The invention of dynamite, and then the so-called explosive gelatine, perfect for blasting rocks in the process of building tunnels, not only quickly earned the Nobel Prize money - a lot of money that helped put back the family's armament-producing business (in trouble since the Crimean Wars in 1859 when the demand for armaments decreased) on its feet - but also made his name famous all over the world. Most people would rest on their laurels after such an achievement, but Alfred continued his research and, as early as 1875, invented and patented an even stronger compound, a mixture of nitroglycerin and nitrocellulose, called ballistite, nowadays used as solid rocket fuel, and artillery explosive.

All in all, thanks to his inventions, Nobel had accumulated and successfully multiplied a fortune, traveling all over Europe and offering licenses to anyone willing to pay. This practice did not make him friends and even led to accusations of high treason in France where he lived, so that he eventually had to move to Italy at the end of his life.

In 1888, he unexpectedly read in a French newspaper his own obituary, entitled The dealer of death is dead (Le marchand de la mort est mort). It was a case of confused identity: it was his brother Ludvig who had actually died, but this article made Alfred think. Nobel is said to have taken it to heart, and as a result, reflecting on his legacy, he changed his will. He did not want to be remembered as a death dealer. He himself really died only eight years later, leaving behind a huge fortune and this last will.

To his family's chagrin and to the general surprise, the inventor's last will, read in Stockholm on December 30, 1896, a few weeks after his death, was that his fortune be used to establish a series of awards to those who "best serve humanity" in the field of physics , chemistry, physiology or medicine, literature, and peace. In keeping with this will, and largely thanks to the efforts of its executor, the young engineer Ragnar Sohlman, the Nobel Foundation was established in June 1900 and has since functioned as an investment fund looking after the Nobel Alfred's leftover assets, admittedly very effectively, doubling its value over the years, even considering inflation.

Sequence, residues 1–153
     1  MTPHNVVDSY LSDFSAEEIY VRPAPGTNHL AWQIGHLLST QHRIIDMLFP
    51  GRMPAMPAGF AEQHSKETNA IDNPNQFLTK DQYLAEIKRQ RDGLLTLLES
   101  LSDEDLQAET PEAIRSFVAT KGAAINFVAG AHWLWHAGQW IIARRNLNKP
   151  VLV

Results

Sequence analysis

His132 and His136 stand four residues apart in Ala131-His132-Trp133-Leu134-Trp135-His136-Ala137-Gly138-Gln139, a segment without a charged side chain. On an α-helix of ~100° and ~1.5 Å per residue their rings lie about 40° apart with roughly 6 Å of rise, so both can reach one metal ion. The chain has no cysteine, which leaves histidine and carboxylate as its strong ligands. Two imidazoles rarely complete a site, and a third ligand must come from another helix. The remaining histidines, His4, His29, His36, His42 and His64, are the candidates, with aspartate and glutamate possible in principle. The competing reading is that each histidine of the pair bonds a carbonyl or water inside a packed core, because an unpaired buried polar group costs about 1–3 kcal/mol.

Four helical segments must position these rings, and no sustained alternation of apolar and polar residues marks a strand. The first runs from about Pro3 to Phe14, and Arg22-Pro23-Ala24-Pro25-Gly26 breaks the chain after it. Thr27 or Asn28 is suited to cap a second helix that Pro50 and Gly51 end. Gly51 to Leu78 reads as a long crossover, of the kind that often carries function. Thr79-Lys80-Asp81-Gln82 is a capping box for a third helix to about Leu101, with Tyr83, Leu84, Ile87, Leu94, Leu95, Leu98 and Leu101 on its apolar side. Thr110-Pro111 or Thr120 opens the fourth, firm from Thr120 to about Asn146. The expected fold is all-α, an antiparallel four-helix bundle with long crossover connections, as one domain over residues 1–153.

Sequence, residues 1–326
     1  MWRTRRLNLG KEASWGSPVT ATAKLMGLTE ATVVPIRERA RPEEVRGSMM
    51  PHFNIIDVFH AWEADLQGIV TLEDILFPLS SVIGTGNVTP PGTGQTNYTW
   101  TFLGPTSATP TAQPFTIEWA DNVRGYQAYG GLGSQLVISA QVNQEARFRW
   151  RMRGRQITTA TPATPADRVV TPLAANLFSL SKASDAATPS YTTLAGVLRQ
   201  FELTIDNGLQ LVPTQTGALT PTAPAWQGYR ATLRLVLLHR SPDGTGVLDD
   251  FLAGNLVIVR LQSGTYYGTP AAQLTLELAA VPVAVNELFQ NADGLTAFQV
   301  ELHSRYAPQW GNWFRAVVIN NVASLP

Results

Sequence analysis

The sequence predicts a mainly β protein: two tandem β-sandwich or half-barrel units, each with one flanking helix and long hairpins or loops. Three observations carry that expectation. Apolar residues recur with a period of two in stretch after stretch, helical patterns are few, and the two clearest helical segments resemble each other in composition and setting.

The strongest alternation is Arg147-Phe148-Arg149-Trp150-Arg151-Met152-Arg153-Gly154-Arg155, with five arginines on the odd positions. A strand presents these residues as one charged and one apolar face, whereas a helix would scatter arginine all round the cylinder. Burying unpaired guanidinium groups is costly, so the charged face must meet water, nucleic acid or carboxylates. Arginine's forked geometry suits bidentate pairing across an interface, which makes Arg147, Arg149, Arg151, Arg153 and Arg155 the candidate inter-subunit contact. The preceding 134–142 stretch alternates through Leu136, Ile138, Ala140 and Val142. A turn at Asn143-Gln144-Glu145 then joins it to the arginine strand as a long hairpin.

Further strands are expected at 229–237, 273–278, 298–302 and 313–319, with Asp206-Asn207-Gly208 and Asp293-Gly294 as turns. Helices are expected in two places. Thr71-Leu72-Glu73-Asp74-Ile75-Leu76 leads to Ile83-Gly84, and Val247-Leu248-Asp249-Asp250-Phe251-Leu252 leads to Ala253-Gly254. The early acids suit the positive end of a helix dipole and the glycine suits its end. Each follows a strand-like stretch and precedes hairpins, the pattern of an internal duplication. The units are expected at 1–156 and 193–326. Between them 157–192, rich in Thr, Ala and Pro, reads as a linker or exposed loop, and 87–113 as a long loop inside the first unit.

Annual awards in the areas indicated by Alfred are granted by a specially established Nobel Prize Committee. The Royal Swedish Academy of Sciences nominates laureates in physics and chemistry. The Karolinska Medical Institute awards prizes in the field of medicine and the Swedish Academy in the field of literature. Peace prizes are in turn awarded by the Norwegian parliament (during the Nobel era, Sweden and Norway were a kingdom united under the Swedish king). In addition to the peace prize, which is presented in Oslo, the Nobel Prize is presented by the King of Sweden at the ceremony on the Swedish national Nobel Day, on December 10 - to commemorate the anniversary of the founder's death - in the building of the Stockholm Philharmonic (Konserthus).

After the controversy surrounding the Nobel Prize himself, the controversy surrounding the awarding of his prizes began from the very beginning.

The first prizes, after five years of careful planning, were awarded in 1901. The first undisputed winner in the field of physics was the German scientist Wilhelm Röntgen, for discovering X-rays. In the field of chemistry, the Dutch scientist Jacobus van 't Hoff received the first prize for research in the field of chemical thermodynamics. The Medical Award went to German microbiologist Emil von Behring for obtaining an antitoxin to diphtheria - a disease that caused thousands of deaths every year. The first prize in literature went to the French poet and author Sully Prudhomme, which was the cause of a controversy. It was believed that, for example, the great Russian writer Leo Tolstoy was then more worthy of honor. The first Nobel Peace Prize was awarded at the time to two Frenchmen: Jean Henri Dunant, the founder of Red Cross, and Frédéric Passy, the founder of Peace League.